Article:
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Archive for November, 2009

Technique Tidbit Thursday: Altered Stamp Binder

By Heather R.

This class will show you how I altered a binder to hold my acrylic stamps.
The first thing you need is an old binder.
 
I cut off the vinyl cover with an exacto knife which gave me three pieces of chipboard, one with the rings still attached.
 

The first step is do tape the pieces of chipboard together. I used a technique I learned in a Donna Downey class. She uses masking tape all the time. You have to be careful to leave enough space between the pieces so they will be able to bend enough to close. I used little pieces of tape first to get the spacing right.
 
Once you have all binder taped back together, it’s time to add the paper to the spine. I used a piece that was 12 x 6. my spine was 2″ wide so that gave me 2″ on the front and back. I used my metal ruler to fold the paper before I added it for a nice edge. Looked like an american crafts modern binder when I finished covering it.
 
Next I added the green papers using lots of modpodge.

 
I trimmed off the extra paper from the edges using my trusty exacto  and finally added some pieces of patterned paper as embellishment. I applied them with mod podge as well.

 
Then I added some stickers to spell “stamps”.  All done!
 

On the inside I used regular page protectors for large sets of stamps and the baseball card sized protectors for smaller individual stamps.
 
I’m glad I did this project.  I keep remembering stamps I have stored in different places. The only thing I would do differently is to use gluestick on the parts where there is tape. The mod podge doesn’t stick to the tape and I think the gluestick does. I hope you like this project and please post yours if you make one or if it inspires you to make something else!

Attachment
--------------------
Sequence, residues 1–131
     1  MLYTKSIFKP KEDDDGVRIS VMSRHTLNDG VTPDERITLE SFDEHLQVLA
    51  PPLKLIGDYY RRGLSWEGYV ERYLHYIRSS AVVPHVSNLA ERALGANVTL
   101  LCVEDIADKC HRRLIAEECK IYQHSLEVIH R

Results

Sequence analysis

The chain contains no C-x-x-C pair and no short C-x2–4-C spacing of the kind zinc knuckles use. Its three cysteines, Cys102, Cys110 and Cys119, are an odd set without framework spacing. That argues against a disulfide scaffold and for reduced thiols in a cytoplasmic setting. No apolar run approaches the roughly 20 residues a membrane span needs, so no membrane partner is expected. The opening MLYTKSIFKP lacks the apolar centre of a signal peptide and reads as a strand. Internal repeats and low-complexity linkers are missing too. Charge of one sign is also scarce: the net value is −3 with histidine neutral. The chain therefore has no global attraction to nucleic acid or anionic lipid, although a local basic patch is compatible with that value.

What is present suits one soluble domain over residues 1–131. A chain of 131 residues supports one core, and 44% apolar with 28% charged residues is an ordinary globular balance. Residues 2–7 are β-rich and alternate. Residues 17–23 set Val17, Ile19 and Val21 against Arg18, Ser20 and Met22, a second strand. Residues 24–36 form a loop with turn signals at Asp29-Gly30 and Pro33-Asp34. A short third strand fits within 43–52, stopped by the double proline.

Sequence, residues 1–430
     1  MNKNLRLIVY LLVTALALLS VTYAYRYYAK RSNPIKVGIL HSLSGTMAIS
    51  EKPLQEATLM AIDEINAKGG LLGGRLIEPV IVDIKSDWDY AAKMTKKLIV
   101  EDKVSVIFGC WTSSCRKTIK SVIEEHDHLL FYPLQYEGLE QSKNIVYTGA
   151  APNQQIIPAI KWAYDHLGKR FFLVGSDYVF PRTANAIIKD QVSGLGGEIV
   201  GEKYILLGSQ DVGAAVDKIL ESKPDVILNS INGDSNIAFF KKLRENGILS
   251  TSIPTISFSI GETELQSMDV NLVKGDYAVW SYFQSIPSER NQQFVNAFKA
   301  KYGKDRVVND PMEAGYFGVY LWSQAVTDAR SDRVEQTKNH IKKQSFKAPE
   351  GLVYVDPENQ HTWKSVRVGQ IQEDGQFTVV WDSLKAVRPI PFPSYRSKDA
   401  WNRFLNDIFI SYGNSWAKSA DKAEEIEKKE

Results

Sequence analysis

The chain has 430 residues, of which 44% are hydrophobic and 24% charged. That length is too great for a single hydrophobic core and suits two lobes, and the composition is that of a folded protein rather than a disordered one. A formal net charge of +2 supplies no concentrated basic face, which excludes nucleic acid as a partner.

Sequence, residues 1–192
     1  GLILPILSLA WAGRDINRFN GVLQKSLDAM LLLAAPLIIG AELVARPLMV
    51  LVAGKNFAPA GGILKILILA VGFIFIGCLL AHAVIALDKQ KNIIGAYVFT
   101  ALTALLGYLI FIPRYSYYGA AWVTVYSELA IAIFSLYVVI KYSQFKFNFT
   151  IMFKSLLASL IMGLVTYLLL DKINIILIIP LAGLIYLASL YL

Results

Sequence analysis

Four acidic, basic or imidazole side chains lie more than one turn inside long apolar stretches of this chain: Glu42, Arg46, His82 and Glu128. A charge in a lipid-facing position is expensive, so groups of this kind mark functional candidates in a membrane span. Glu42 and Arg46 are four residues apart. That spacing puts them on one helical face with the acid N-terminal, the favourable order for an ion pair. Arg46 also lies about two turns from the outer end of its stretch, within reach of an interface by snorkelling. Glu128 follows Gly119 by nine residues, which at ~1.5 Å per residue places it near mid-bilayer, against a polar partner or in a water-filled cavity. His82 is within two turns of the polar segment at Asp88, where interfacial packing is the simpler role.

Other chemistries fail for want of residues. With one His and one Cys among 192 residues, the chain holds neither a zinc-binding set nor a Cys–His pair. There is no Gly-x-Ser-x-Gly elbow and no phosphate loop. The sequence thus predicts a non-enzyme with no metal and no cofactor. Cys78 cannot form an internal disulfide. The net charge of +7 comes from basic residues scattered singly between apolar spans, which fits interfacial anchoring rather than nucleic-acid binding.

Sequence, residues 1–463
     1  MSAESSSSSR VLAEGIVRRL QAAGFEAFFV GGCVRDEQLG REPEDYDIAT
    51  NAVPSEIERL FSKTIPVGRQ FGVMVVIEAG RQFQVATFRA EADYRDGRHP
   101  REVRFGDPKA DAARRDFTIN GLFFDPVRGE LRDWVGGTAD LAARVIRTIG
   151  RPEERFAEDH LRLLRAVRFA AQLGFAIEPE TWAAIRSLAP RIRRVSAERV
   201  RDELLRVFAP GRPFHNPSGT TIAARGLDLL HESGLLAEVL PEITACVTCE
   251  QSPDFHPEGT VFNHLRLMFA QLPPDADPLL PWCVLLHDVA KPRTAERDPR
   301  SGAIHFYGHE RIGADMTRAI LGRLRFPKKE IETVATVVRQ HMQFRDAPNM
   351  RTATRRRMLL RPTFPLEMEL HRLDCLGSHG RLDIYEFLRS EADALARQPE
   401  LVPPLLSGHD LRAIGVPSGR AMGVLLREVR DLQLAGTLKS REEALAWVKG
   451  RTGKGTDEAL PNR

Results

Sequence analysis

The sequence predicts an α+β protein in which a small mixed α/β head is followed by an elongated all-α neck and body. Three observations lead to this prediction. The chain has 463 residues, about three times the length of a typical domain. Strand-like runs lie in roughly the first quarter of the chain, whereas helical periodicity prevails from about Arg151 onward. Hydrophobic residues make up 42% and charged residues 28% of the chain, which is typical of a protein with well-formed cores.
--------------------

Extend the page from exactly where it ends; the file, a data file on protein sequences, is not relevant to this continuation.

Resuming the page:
Technique Tidbit Thursday: Altered Candles

By Michelle Vekved

This is a super fast project that can pump out gifts in sets in even less than an hour.

ONE WORD OF CAUTION: When decorating candles that will be lit, be sure to decorate close to the bottom to avoid a fire hazard. One awesome idea to avoid it all is to light the candle before you start and let it burn to create a hole in the top the size and depth of a tea light (or deeper for a more luminary look). There are electric tea lights that can be inserted in that hole (cut the wick off the candle first so it sits flat) to give the appearance of a glowing candle without the fire hazard. Great for pets or kids too!

My sample above was done with rhinestones, paint and glitter. As you can see below, almost any combination of products will create wonderful works of art. Be sure when stamping that you use ink that will stick to the slick surface (such as Staz-on) and take care not to slide your stamps on the candle as you stamp.
Don’t be afraid to experiment, if it doesn’t stick or you don’t like it, it will wipe off and you can try something else.

I did not get a chance to use the glimmer mists on the candles, but they may prove to create interesting effects.
Something I thought of afterwards, alcohol inks would make awesome marbled effects on the wax.

For the glitter candles or candles you wish to paint, you can freehand your designs or use stencils as I did. Simply choose a stencil (I reused popped out chipboard templates) and place it over the candle where you want the design. Using a stylus / piercer / heavy piece of wire / other fine-pointed tool, trace the design onto the candle. For stiff templates, rolling the candle as you go will give you an even tracing.